As shown in FIG. 1, the printed circuit board 10 includes a board 12 having top and bottom surfaces 14 and 16, respectfully. To allow the board 12 to be electrically connected with other components of an electrical device, such as a computing device, the board 12 includes edge connectors 20 that are adapted to allow data and power to be passed to a connecting device or board. For example, the edge connectors 20 or edge may be inserted into a female edge connector or socket which in turn is plugged or otherwise connected to a mating component to supply power and/or to enable data transfer. In this regard, the edge connectors 20 include a plurality of leads 24 fabricated of an electrically conductive material, such as copper, gold, and the like. The number and specific arrangement of the leads 24 can be widely varied to practice the invention.
As shown, the leads 24 are used for power and ground but in many embodiments data leads are included without connection to the heat sink members (such as by running data traces between fins or heat transfer connections). Further, in the specific embodiment shown, the contacts or leads 24 are paired to carry currents that exceed the rating of a single contact but the invention is also useful with connectors in which each lead 24 has a dedicated trace. Referring again to FIG. 1, the leads 24 in the top surface 14 are typically all power or ground leads with the leads (not shown) in the bottom surface 16 being the opposite leads (i.e., ground leads if the leads 24 in the top surface 14 are power leads).
According to an important aspect of the invention, the leads or contacts 24 are placed in direct contact with heat transfer elements, e.g., fins, active heat transfer sinks, and the like such that excess heat is transferred rapidly from the leads 24 to control the operating temperatures. In this regard, the board 12 includes slots 30 for receiving the heat transfer elements. The leads 24 are connected to the slots 30 with electrically conductive traces 26 in the top surface 14 and with traces 28 in the bottom surface 16. Hence, in a preferred embodiment, the slots 30 extend through both the top and bottom surfaces 14, 16 to place the heat transfer elements in direct contact with the traces 26, 28 which generally extend (not shown) past the slots 30 to other devices (not shown) on the board 12. As will be explained in more detail, the thermal (and electrical) contact is typically achieved by soldering the heat transfer elements to the traces 26, 28 but other suitable connection techniques may be used, such as well-known mechanical fastening methods including press fitting.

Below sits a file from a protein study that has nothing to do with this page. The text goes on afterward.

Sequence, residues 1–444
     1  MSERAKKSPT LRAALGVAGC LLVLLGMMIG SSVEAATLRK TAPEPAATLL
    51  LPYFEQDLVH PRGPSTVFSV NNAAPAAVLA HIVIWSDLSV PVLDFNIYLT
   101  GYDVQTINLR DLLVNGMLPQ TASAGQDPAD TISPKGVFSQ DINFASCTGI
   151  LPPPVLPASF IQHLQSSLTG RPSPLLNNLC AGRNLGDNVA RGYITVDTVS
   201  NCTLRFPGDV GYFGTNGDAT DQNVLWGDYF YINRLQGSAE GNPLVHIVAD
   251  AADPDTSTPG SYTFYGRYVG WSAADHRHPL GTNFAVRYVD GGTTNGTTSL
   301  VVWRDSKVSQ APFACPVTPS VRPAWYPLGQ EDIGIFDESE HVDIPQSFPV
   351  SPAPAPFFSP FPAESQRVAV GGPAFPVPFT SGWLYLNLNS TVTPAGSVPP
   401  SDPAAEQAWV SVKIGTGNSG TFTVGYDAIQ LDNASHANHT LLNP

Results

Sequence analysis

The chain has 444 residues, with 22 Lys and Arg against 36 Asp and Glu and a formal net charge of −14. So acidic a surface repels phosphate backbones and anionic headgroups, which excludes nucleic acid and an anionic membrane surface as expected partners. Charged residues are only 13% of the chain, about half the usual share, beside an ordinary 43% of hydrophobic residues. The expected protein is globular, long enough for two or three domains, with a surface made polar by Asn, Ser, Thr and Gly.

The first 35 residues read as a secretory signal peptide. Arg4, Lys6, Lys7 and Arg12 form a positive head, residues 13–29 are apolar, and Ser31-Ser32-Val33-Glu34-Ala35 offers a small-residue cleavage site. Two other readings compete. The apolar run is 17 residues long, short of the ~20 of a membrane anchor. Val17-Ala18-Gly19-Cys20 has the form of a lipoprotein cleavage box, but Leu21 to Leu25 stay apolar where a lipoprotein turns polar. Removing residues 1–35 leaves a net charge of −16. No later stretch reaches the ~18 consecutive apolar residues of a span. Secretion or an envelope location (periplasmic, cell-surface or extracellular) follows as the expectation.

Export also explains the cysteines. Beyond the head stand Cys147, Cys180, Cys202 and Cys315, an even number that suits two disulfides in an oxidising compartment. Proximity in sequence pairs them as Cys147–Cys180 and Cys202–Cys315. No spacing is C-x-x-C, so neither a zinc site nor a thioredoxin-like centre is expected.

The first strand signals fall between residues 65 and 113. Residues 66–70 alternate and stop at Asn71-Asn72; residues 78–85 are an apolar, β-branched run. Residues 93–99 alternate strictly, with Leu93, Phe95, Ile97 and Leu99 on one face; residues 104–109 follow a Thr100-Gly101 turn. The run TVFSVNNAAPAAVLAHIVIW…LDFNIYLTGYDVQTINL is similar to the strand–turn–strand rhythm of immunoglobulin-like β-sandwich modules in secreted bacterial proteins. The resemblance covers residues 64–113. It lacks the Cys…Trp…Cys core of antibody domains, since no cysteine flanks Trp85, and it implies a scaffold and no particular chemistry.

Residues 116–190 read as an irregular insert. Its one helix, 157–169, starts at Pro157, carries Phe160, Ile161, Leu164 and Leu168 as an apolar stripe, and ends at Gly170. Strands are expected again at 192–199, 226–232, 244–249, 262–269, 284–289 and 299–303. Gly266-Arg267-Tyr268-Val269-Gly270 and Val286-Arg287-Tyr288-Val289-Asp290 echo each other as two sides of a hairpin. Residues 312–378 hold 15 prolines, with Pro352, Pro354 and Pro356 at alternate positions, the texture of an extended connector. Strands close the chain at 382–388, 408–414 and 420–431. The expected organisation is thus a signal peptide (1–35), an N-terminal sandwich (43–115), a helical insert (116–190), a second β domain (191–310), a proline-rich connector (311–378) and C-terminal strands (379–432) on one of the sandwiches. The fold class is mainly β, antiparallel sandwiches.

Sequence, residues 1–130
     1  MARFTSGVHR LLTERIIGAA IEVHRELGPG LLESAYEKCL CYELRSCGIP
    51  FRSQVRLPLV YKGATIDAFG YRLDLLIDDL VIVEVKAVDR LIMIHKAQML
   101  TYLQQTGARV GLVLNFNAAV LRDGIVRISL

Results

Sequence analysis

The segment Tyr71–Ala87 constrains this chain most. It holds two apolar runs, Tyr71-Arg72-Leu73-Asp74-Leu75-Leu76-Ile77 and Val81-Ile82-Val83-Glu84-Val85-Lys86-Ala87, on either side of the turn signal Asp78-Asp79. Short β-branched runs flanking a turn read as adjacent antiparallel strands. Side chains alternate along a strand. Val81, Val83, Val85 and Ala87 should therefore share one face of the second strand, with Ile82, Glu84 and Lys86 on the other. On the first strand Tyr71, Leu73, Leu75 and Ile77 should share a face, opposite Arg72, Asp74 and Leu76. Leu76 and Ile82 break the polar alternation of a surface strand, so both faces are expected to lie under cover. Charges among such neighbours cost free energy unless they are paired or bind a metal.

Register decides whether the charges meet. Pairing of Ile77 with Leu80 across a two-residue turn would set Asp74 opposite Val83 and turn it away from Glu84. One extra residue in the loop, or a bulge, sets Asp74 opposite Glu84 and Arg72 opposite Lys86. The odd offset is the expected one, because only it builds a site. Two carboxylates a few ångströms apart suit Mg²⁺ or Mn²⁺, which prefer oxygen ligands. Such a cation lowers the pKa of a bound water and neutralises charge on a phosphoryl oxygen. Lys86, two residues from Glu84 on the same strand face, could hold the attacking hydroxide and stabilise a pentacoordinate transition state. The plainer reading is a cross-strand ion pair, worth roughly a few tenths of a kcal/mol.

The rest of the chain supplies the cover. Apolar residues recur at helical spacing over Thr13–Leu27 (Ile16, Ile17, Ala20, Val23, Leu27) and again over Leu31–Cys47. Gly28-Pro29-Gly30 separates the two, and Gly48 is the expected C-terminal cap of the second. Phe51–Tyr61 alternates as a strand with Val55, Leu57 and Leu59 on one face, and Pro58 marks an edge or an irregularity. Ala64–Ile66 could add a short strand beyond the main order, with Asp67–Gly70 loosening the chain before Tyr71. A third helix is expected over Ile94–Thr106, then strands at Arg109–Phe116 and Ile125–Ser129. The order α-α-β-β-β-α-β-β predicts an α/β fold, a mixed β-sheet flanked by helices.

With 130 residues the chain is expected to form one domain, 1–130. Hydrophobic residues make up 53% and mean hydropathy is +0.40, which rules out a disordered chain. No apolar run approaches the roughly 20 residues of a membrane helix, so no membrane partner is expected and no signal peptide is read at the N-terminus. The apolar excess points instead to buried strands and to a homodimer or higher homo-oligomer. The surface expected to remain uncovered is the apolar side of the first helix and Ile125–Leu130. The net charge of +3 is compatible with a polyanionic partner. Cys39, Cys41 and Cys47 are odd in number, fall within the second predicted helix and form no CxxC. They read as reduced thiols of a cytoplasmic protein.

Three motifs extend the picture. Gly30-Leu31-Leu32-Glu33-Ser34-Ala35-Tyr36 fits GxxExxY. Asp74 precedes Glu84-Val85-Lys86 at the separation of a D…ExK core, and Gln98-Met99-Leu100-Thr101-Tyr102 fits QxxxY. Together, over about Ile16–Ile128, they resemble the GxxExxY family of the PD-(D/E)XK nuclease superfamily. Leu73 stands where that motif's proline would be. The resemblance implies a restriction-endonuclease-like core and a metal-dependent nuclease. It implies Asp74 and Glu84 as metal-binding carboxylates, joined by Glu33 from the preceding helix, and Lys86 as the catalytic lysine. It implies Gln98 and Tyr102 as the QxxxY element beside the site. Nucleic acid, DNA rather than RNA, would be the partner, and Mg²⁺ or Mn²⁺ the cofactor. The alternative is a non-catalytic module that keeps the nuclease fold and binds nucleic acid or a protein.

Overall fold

Temperature control is provided by the inclusion of a heat sink assembly 40 which is placed in heat conducting contact with the board 12 and more importantly, with the traces 26, 28 extending from the edge connectors 20. As shown, a heat sink assembly 40 is provided for each edge connector 20 but in some embodiments, it is useful to provide a single larger heat sink. To assist in positioning the heat sink assembly 40, a hole 32 is provided in the board 12 to mate with a post 64 on the assembly 40. The heat sink assembly 40 is configured to provide a relatively large surface area for convective heat transfer with surrounding air. To this end, the heat sink assembly 40 includes a number of fins 44 that are thermally connected to the traces 26, 28 upon installation on the board 12. The fins 44 may be fabricated from numerous materials, such as metals, with high thermal conductivities, and preferably, from a metal that is suitable for contact and bonding with the traces 26, 28(such as by soldering).
The heat sink assembly 40 is preferably configured to provide structural integrity while also providing electrical isolation between electrically conductive fins 44. Structural integrity is a concern due to the size of the individual components. Upon installation, the fins 44 will conduct electricity from the traces 26, 28 and must not be allowed to be crimped or bent into contact. In one embodiment, structural integrity is enhanced by providing a number of fins 44 that are positioned within the heat sink assembly 40 by an upper fin holder 46 and a lower fin holder 48.